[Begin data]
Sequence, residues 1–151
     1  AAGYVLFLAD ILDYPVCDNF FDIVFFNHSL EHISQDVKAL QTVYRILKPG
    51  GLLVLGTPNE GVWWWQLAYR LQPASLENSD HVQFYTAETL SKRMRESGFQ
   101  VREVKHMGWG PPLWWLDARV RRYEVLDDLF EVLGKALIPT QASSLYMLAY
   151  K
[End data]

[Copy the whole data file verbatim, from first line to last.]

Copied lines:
Sequence, residues 1–151
     1  AAGYVLFLAD ILDYPVCDNF FDIVFFNHSL EHISQDVKAL QTVYRILKPG
    51  GLLVLGTPNE GVWWWQLAYR LQPASLENSD HVQFYTAETL SKRMRESGFQ
   101  VREVKHMGWG PPLWWLDARV RRYEVLDDLF EVLGKALIPT QASSLYMLAY
   151  K